I do not find it respectful to expect others to do our work for us. It's better to be able to do things ourselves and not treat others like they are there to serve us.
Being self-sufficient is a powerful reminder that we can do much more than we often give ourselves credit for.
It also applies to my everyday life. Being self-sufficient makes me feel more confident. It helps me tackle challenges and take risks. It is a valuable life lesson that I carry with me everywhere.
5. We are supportive
The fifth principle of the spirit of trekking is being supportive.
Being supportive entails being willing to share, whether it's lunch, water, or equipment. It's also about helping fellow trekkers when they need it. It is about putting the team first.
Sometimes it comes with a sacrifice. One winter on the Kedarkantha trek, I had to wait more than an hour for a slower team member to catch up. It was bitingly cold. Yet, this gesture went a long way in helping my team member complete the trek.
By being willing to share, we can build a sense of camaraderie and teamwork that helps us overcome any challenges we may face. It allows us to make lasting connections with our fellow trekkers.
On the recent Gidara Bugyal exploration, a team member quietly took out the heavy jackets from my backpack. They were weighing me down. This support made the trek easier for me. It made me feel grateful and inspired me to trek with my fellow trekkers more frequently.
Being supportive helps us look beyond our needs and focus on the group's well-being. This spirit reinforces the idea that trekking is not just about individual achievement. It allows us to create an unforgettable experience together as a team.
6. We are fit and prepared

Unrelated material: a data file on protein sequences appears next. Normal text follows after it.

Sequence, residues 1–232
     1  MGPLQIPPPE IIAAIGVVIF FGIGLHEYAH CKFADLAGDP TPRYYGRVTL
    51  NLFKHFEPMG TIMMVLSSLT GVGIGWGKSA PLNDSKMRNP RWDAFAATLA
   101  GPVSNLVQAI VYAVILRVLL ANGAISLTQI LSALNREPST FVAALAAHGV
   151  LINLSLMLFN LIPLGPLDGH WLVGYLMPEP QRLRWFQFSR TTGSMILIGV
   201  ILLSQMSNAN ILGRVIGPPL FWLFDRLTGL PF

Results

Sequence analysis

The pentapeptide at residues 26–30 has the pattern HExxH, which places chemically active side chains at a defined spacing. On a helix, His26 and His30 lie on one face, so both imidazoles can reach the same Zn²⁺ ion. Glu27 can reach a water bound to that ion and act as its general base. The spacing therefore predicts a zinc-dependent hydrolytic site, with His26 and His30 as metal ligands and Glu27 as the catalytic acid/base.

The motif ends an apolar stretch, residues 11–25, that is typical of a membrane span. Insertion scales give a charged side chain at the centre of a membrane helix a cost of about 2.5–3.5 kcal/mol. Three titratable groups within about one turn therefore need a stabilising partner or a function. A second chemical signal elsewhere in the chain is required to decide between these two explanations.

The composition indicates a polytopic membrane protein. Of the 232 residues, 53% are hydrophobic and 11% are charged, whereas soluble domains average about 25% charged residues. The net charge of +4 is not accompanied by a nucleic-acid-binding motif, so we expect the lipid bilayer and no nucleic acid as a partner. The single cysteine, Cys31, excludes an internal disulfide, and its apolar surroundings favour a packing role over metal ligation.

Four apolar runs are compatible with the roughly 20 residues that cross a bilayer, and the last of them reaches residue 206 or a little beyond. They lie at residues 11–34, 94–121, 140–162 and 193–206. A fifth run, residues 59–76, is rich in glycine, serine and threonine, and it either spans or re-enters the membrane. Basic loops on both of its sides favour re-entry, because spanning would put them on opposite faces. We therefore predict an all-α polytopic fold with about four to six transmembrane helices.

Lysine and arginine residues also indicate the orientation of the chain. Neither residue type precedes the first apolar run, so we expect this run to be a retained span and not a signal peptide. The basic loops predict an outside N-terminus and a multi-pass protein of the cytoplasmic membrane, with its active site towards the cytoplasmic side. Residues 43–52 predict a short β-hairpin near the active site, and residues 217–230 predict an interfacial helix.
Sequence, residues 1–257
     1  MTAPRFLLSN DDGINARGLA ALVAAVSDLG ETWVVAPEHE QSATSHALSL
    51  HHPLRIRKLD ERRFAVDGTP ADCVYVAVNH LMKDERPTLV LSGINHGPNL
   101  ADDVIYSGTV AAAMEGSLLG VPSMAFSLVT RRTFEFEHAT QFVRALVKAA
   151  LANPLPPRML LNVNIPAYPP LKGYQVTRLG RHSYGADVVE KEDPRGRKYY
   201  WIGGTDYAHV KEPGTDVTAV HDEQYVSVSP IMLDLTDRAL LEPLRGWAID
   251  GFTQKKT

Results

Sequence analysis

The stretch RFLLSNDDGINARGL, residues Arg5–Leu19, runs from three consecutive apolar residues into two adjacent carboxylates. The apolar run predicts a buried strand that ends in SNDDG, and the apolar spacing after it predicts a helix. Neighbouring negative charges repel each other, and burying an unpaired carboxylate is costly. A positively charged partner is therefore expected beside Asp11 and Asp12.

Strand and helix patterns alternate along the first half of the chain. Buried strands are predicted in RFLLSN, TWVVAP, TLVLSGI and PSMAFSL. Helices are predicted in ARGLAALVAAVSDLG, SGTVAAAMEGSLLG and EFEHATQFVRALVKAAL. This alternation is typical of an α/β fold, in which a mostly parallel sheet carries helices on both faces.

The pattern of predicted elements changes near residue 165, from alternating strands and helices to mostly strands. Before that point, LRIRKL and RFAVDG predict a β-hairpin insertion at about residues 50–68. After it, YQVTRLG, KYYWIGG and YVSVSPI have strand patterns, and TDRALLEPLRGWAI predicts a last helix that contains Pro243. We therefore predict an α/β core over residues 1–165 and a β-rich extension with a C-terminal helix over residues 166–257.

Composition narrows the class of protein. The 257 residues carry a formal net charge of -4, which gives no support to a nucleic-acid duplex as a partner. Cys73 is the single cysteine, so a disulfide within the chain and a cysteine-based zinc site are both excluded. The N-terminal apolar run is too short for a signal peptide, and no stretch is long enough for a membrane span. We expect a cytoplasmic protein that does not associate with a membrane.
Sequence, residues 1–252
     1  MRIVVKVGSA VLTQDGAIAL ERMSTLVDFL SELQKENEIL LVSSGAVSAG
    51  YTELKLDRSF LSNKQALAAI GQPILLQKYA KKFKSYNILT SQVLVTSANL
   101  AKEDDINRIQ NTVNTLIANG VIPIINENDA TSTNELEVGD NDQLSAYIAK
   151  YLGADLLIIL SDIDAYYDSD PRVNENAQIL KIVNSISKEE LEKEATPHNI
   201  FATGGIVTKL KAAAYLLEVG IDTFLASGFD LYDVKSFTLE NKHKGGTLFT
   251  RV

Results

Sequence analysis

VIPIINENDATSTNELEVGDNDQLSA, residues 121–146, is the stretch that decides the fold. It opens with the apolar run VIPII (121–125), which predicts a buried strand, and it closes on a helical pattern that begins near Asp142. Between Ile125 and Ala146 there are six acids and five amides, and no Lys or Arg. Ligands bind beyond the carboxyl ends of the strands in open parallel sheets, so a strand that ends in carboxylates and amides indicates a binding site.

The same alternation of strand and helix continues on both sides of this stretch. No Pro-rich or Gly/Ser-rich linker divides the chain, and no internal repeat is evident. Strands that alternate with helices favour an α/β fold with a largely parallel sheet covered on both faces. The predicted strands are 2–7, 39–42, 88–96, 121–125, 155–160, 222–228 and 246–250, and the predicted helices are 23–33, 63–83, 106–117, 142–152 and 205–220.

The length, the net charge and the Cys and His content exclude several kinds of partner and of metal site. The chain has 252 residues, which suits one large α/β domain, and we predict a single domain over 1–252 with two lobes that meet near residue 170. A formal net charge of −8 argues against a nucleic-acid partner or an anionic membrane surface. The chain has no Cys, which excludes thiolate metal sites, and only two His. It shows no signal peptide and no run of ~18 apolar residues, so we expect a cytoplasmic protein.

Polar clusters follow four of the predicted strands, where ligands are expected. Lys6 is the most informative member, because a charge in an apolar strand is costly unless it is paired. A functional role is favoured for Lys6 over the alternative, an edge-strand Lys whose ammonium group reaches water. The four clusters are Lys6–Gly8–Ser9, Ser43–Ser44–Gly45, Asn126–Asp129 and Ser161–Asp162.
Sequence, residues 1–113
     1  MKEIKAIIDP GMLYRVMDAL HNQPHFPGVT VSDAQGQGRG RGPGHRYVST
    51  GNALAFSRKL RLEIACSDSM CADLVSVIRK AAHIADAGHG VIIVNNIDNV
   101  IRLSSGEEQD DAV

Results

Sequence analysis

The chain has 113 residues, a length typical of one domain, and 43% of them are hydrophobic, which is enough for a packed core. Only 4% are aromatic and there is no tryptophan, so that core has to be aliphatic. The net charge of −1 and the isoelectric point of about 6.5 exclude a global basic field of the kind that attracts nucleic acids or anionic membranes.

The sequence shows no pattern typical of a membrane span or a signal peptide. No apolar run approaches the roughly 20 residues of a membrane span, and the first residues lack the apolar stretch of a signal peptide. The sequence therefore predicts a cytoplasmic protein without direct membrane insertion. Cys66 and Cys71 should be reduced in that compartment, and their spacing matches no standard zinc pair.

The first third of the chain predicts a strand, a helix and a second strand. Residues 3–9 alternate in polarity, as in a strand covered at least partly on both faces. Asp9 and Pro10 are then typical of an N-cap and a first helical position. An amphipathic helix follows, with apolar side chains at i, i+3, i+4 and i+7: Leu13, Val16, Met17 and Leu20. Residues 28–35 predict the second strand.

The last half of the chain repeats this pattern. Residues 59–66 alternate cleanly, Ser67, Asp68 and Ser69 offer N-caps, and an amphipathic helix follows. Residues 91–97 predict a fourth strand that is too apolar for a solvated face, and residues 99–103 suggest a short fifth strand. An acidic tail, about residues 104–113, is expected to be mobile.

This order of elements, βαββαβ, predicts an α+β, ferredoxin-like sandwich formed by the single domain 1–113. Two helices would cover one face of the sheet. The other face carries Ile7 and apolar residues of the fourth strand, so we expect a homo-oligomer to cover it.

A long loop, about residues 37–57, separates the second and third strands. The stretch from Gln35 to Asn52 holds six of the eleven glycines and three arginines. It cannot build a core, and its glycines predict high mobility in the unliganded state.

The sixth principle of the spirit of trekking is to be fit and prepared. This means building up stamina and endurance, strengthening the body, and developing the necessary skills to trek long distances.
Kugti Pass was a trek that went above 16,000 feet. On the day we crossed the pass, we started at 5 in the morning. It was a long day. We didn't set up our tents until around 5 p.m. We trekked for 12 hours at extremely high altitudes. By preparing well for the trek, I had enough energy to complete the day’s trek without tiring. I was able to truly enjoy the trek.
Preparing well for a trek requires commitment. But it is crucial for the success of the trek. You become an equal member of the team, not a burden or hindrance. You can keep up with the group and not rely on extra resources, such as the trek leader or guide. You can be of help to the team.
On the Hampta Pass trek, one of our trekkers developed acute AMS at the Shiagoru camp. Two fit trekkers immediately offered to help. With the help of the trek leader, they evacuated her in the middle of the night. Preparing well allows you to jump in to help in an emergency.
On the other hand, by taking the time to prepare, you're less likely to experience injuries or discomfort, which can make for an unpleasant experience. People ask me how I descend quickly off the mountains without straining my knees. It is my preparation.
Preparing for a trek can be both rewarding and enjoyable. Trekkers have shared how preparing for a trek has influenced their journey to becoming fitter. It is a great way to set and achieve fitness goals. Training can be a big motivation for you to lead an active lifestyle.
My concluding thoughts
Our Spirit of Trekking is an essential aspect of the Indiahikes experience. It is a set of values and principles that encourages you to trek with the right mindset.
Trekking in the mountains is an experience like no other. The natural beauty, the crisp mountain air, and the sense of accomplishment make it an unforgettable experience. But to truly enjoy and appreciate the trekking experience, you must follow the Spirit of Trekking.